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BEN VOLIN | ON FOOTBALL

Silent protest by Bill Belichick at NFL owners meetings?

Bill Belichick was not in a talkative mood with reporters at the NFL owners meetings.
Bill Belichick was not in a talkative mood with reporters at the NFL owners meetings.luis m. alvarez/ap/Associated Press

BOCA RATON, Fla. — Bill Belichick was an integral voice at the NFL owners meetings in 2014 and 2015, drafting several rules proposals each season that in his view made the NFL more competitive on the field and a better product for the fans.

He believed strongly in moving the extra point back, and delivered a passionate speech to the owners and general managers in the league’s closed-door session.

He got the conversation started about expanding instant replay, and about adding instant replay cameras to the sidelines and end zone. One of his proposals even got passed — increasing the height of the goal posts by 5 yards.

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Before Belichick spoke up in 2014, teams rarely proposed new rules for these meetings; now, every team seems to have one suggestion or another, and the list of rules proposals is three times as long as it used to be. Belichick even appeared in the annual coaches’ group photo last year, an event he almost always skipped.

But this year, it appears, Belichick has developed a case of laryngitis.

Belichick seems content to play the role of bystander at this year’s meetings, which run until Wednesday afternoon at the Boca Raton Resort.

The Patriots didn’t submit any rules proposals this year for the first time since 2013. Belichick was seen roaming the hallways on Sunday night while Roger Goodell was delivering his open address to the league’s owners and executives.

Belichick once again skipped out on the coaches’ group photo, taken Monday. And he put as little effort as possible into Tuesday morning’s AFC coaches’ breakfast, a mandatory event in which all head coaches were required by the NFL to sit at their own table and meet with reporters for an hour.

Belichick appeared 15 minutes late, and proceeded to swat away almost every question like Serena Williams playing at the net.

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What do you like about Martellus Bennett?

“We’re happy to add all the players that we’ve added to our team. When we’re out there, we’ll see how it goes.”

Do you take any personal pride in promoting your son to safeties coach?

“I’m proud of all my kids.”

Do you sense any discontent with Rob Gronkowski on his contract?

“Any contract discussions will be between myself and the player.”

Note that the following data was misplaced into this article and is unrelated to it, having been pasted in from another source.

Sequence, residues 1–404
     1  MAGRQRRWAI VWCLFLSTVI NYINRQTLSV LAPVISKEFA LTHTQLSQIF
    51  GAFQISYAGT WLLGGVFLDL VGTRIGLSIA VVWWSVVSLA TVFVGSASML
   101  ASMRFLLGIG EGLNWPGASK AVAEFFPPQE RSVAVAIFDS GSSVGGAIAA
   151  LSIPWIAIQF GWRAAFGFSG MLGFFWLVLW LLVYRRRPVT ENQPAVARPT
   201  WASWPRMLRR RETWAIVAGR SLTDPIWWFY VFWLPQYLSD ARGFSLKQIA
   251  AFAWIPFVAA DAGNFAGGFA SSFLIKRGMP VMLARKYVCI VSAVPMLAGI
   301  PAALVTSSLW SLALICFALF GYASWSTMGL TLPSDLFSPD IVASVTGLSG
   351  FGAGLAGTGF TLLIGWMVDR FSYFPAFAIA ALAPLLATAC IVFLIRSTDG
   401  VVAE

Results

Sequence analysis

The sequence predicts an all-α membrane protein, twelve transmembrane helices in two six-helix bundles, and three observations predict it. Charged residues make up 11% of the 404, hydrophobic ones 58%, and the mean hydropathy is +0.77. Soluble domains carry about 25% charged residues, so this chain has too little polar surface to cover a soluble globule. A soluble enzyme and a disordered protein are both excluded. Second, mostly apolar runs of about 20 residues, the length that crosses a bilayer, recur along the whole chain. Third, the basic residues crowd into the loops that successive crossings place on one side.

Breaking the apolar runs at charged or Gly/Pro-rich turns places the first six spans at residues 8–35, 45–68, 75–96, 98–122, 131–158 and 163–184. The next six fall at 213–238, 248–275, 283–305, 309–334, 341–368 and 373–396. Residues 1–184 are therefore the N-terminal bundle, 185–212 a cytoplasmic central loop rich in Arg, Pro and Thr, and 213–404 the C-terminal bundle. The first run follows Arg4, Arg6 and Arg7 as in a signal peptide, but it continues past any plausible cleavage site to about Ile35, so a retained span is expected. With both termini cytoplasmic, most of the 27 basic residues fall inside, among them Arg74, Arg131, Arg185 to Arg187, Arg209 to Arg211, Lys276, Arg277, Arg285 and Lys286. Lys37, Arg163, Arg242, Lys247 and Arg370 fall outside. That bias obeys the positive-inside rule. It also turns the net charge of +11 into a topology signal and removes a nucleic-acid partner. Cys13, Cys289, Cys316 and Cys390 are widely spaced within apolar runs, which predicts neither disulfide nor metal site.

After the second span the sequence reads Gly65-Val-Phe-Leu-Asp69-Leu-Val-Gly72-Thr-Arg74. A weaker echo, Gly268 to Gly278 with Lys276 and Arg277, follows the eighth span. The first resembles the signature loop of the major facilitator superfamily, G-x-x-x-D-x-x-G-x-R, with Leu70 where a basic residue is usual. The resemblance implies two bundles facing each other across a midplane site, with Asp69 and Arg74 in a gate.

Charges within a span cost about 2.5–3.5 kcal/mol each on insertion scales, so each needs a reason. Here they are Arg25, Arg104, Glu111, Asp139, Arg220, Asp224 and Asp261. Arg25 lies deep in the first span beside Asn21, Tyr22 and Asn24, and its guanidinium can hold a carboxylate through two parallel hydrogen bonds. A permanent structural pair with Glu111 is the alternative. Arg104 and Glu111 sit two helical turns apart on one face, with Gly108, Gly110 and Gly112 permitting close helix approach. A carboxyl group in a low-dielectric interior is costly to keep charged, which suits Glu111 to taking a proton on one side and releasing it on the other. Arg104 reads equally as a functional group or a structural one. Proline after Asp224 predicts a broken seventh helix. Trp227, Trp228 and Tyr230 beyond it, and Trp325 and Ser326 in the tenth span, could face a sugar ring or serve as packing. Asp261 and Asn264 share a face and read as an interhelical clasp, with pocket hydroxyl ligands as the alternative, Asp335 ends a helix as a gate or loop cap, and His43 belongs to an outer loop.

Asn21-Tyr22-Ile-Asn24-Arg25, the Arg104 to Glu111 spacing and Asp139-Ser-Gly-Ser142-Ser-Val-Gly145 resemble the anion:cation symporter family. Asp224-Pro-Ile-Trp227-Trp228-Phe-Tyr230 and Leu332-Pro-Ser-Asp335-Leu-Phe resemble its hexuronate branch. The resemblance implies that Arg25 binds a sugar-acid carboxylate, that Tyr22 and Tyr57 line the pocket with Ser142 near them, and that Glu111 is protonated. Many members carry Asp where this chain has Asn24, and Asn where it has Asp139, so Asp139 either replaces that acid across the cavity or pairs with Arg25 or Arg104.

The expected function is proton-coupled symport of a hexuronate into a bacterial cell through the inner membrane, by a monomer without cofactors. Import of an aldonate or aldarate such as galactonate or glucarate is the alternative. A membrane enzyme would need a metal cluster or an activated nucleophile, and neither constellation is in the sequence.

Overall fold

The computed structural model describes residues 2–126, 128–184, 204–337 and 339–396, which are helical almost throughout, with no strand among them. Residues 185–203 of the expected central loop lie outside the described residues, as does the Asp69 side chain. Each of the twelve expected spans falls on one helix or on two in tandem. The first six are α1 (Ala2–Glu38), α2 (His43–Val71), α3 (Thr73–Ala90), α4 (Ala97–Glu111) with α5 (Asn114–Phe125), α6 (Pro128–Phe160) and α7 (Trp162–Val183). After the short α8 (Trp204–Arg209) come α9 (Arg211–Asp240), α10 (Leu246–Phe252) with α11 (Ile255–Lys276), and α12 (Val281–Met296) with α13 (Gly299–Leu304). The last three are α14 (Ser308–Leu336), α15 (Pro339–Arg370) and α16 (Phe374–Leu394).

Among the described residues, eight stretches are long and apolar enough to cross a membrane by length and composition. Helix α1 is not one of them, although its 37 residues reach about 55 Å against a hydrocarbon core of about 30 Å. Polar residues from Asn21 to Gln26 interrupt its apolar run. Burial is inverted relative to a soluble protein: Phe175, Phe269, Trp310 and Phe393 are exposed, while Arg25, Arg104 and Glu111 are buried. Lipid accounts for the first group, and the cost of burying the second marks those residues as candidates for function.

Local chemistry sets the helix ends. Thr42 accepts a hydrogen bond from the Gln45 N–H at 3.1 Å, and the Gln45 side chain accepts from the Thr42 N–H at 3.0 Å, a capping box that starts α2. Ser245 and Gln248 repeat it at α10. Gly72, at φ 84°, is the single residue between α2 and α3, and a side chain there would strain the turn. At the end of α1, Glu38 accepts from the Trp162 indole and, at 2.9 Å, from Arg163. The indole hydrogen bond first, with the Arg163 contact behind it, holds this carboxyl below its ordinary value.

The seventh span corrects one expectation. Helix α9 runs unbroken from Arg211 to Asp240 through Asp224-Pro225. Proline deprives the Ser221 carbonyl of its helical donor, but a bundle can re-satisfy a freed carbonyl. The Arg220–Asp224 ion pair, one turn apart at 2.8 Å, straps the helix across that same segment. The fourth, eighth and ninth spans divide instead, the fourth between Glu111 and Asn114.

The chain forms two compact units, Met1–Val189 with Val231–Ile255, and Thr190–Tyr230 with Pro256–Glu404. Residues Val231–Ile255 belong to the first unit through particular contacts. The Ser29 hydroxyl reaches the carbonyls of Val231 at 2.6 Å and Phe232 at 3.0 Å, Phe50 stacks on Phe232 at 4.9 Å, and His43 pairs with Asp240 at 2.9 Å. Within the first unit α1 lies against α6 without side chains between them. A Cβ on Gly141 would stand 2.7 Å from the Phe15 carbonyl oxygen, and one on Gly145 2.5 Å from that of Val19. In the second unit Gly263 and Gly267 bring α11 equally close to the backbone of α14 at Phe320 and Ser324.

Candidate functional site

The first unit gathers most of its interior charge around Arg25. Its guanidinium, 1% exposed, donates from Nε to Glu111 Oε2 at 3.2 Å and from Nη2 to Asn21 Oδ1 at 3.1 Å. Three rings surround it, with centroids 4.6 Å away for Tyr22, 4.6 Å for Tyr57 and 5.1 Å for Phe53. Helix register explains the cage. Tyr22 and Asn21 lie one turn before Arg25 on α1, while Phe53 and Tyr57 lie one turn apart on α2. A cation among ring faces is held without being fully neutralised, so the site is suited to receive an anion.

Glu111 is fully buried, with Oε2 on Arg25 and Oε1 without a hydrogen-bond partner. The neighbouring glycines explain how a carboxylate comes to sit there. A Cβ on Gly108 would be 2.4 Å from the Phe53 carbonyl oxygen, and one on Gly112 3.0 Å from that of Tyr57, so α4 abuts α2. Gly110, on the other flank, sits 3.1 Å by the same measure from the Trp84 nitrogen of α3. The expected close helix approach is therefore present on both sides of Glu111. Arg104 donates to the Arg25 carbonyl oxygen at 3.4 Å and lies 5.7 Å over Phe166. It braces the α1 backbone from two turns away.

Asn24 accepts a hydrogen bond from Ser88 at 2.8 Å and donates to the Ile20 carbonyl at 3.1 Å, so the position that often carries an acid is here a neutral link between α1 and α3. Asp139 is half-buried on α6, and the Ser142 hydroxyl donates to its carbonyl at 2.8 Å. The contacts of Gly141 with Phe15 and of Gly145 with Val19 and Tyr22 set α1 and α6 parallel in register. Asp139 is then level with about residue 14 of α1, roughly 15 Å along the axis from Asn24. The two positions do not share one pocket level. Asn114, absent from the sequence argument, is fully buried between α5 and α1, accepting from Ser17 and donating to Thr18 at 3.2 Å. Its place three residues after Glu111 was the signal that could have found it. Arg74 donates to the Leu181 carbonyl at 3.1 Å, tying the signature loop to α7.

What was Dante Scarnecchia doing for the Patriots the last two years?

“Various things.”

Belichick has never been Mr. Gregarious at this event, but the last two years he actually gave a few lengthy answers about non-Patriots items. This year, all we learned is that Belichick is on a first-name basis with rocker-rapper Kid Rock. The two hung out in Jupiter, Fla., last week.

“Bobby’s a great guy,” Belichick said of the musician, whose name is Robert James Ritchie.

In 2014 and 2015, Belichick undoubtedly was more involved with the meetings. He showed genuine concern about improving the league and leaving a lasting legacy about how the game is conducted.

“Bill Belichick using his clout at NFL meetings,” blared a headline in the Globe in 2014 when Belichick proposed four new rules in front of the NFL owners.

Several out-of-town reporters took offense to Belichick’s lack of cooperation on Tuesday morning, but the feeling here is the media was not the intended target of his ire.

It doesn’t take a genius to figure out what’s going on. This is the first owners meetings since the Deflategate penalties were handed down (last year’s meetings were in March, when Patriots owner Robert Kraft famously said there was “no smoking gun,” and the penalties came in May).

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Belichick has said almost nothing about Deflategate since his infamous “Mona Lisa Vito” news conference in January 2015, but he’s obviously not happy about losing a first-round pick and the prospect of Tom Brady possibly serving a four-game suspension.

Belichick is also probably tired of his good ideas getting shot down by the NFL owners. They did pass the one about extending the goal posts, and they did adopt the longer extra point, although the competition committee tweaked the language so it could take credit for the rule change.

But the concept of expanding instant replay has now been shot down in three straight years. And the NFL still hasn’t added extra cameras to the sidelines and end zone, even after Belichick’s suggestion that the NFL, which raked in approximately $12 billion in revenue last year, hold a “bake sale” to pay for the additions.

So, Belichick has apparently disengaged from the NFL meetings this year.

No more rule proposals for the betterment of the game. No bother with the coaches’ photo. Giving the bare minimum effort at the coaches’ breakfast, which he has long detested and actually skipped in 2011.

To paraphrase Marshawn Lynch, Belichick did just enough to not get fined on Tuesday morning.

“Part of the exciting week of the owners meetings,” he deadpanned about the breakfast.

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Belichick has been an NFL coach since 1975. No one in the room — from owners to GMs to coaches — has a better understanding of the league and how to make it better.

He tried the last two years to impart his wisdom. The NFL took a couple of his suggestions to heart, and threw the others back in his face. Now the league has handed down the harshest penalties in league history over deflated footballs.

So Belichick apparently has had enough. He’s taking his clout and going home.


Ben Volin can be reached at ben.volin@globe.com. Follow him on Twitter @BenVolin